To Love and Be Loved
In “Instincts and their Vicissitudes,” Sigmund Freud entertains the possibility of a third developmental stage beyond the oppositions love-indifference and love-hate: love-being loved. Though he casually dismisses the possibility in the paper itself, the polarity love-being loved demands investigation, as it seems to signal a higher form of sublimation than we typically find in Freud’s writings.
It’s always a mistake to seek resolution in psychoanalysis. Resolution can sometimes (rarely) come, but to seek it is to impose one kind of wish on the process of attempting to uncover another. There is good reason, beyond simply revisionist adaptation to a medical paradigm, that psychoanalysts historically favored a more detached, “scientific” viewpoint. Impossible in one sense, but that’s maybe the point.
There’s a deeper reason, however, that resolution is a mistake, and that is simply that conflict is the primary mode of access we have to the fundaments of psychic life. Commentators sometimes chide Freud for his “pessimism” in his lifelong commitment to an irreconcilable dualism, but I would argue that such dualism was a function of a certain epistemological principle: that drives or instincts cannot be known directly but only when they come into conflict.
Boil everything in life down to some underlying drive, like love, sex, play, power, etc., and you will be in the realm of paranoid fantasy. Not “wrong” exactly, capable of interesting explanations from time to time, but essentially locked in a state of reading one text and interpreting another. The only way in which drive theory can avoid distortions of this kind is by focusing on conflict: those moments when analysands express a painful both/and. “I am mourning my sister’s death, and I also want to fuck her husband.” “I love my father and my girlfriend, but I kind of wish they both had syphilis and died.”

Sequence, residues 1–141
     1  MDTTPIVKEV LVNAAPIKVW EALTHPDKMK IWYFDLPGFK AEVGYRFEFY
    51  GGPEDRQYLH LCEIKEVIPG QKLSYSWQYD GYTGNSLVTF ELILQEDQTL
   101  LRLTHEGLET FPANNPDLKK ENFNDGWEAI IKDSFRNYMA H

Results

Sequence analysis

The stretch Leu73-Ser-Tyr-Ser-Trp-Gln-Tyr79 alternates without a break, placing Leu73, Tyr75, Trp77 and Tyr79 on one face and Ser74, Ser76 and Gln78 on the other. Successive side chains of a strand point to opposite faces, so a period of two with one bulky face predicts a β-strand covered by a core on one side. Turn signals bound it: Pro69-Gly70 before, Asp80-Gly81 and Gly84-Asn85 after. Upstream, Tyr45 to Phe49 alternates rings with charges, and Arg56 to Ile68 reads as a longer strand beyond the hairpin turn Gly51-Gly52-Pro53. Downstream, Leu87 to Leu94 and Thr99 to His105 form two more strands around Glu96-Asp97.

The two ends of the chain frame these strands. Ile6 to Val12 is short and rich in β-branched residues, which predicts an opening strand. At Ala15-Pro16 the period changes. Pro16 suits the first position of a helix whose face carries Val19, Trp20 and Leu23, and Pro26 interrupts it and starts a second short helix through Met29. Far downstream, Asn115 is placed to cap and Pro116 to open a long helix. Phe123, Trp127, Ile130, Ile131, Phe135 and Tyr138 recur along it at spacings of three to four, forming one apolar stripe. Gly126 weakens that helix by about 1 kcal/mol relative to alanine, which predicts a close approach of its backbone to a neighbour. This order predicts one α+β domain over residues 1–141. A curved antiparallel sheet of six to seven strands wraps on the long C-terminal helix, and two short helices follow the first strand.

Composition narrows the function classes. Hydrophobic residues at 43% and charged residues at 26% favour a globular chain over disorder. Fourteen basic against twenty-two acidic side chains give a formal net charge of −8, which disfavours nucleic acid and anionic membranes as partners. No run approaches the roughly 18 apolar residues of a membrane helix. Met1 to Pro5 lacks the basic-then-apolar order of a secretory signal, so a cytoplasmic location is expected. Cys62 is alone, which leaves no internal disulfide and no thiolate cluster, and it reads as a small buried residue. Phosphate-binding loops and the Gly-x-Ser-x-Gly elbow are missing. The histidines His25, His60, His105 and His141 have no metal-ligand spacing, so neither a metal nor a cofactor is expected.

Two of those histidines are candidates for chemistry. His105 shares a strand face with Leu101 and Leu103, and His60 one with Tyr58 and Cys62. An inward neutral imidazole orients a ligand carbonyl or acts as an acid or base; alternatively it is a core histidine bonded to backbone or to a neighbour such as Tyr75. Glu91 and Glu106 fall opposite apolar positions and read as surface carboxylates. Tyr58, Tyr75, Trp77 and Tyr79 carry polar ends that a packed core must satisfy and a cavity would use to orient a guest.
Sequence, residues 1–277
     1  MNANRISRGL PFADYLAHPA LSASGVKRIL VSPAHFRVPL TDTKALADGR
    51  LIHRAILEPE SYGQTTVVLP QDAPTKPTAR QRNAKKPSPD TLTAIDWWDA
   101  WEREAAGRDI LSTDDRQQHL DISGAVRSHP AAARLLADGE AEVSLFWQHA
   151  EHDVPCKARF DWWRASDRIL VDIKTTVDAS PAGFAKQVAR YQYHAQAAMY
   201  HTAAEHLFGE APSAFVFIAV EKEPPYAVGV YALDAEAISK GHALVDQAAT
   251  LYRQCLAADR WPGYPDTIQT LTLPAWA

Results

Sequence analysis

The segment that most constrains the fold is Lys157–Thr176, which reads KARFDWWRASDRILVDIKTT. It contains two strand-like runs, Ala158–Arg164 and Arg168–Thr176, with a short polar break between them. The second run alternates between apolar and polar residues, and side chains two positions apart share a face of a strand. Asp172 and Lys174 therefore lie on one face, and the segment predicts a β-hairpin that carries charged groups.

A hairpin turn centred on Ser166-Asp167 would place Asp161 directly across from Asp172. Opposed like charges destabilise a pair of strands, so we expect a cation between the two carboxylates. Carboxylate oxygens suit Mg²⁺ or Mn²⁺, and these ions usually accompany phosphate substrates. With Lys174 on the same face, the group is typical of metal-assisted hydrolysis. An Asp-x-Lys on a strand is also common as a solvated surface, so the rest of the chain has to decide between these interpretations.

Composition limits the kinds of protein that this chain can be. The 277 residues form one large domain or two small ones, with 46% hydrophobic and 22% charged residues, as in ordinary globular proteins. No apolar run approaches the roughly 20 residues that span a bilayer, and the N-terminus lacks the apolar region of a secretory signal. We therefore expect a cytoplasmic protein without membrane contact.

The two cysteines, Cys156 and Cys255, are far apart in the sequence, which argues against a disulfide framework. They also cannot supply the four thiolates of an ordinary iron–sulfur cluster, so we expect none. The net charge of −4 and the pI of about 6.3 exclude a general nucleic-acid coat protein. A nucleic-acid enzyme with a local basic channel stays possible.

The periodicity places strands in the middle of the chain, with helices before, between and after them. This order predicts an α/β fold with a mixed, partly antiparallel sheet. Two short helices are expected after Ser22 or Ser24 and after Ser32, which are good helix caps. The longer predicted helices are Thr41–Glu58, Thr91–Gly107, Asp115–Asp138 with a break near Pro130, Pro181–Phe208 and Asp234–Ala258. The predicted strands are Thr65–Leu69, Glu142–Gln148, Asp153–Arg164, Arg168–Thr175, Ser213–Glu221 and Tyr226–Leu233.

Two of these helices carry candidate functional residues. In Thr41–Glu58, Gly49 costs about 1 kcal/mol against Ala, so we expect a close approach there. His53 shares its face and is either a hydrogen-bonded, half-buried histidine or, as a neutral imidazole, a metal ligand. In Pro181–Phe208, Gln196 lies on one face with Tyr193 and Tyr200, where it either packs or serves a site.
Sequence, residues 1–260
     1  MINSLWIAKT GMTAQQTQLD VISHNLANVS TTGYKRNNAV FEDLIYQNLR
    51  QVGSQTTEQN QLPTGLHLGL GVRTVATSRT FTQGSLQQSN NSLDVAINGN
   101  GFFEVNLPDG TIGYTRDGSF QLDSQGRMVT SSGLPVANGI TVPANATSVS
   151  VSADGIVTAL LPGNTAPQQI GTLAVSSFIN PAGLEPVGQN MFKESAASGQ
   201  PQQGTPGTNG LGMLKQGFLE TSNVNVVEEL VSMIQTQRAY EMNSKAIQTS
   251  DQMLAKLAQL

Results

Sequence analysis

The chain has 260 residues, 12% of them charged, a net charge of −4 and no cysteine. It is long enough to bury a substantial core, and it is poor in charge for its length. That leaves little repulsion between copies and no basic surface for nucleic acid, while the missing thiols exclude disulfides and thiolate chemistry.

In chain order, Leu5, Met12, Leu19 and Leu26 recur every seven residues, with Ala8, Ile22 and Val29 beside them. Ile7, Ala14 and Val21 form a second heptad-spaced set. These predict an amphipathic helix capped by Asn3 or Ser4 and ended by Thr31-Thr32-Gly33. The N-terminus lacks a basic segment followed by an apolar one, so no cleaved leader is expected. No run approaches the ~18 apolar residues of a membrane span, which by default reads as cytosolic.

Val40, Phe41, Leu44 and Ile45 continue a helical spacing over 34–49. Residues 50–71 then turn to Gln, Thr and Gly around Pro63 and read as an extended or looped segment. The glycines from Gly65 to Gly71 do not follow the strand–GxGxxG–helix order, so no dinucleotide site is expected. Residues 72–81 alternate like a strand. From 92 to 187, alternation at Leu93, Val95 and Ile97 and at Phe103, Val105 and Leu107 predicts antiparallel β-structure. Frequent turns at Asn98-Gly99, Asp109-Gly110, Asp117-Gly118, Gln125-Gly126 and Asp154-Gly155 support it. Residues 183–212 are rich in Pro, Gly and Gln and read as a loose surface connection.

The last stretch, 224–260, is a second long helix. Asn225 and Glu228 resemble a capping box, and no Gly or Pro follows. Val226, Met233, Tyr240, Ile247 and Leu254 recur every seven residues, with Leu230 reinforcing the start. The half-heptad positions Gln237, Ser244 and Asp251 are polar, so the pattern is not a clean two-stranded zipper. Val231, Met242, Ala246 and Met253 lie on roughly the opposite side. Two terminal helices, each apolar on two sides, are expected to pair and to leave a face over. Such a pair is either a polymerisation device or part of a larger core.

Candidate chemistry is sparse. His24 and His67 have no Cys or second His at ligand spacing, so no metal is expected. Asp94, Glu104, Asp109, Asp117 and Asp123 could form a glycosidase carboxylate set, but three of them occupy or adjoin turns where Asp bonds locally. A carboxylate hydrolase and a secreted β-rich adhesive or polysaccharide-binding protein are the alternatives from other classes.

This was Socrates’s method in divining the three components of the soul. We will know that there is something separate in there when we can recognize division. I want to eat Planters’ Cheez Balls all the time, but I know they are not good for me. Appetite and calculation—two parts of the soul. Freud was engaged in a similar endeavor with drive theory, and this is why there must always be at least two drives. Conflict is our window to the depths.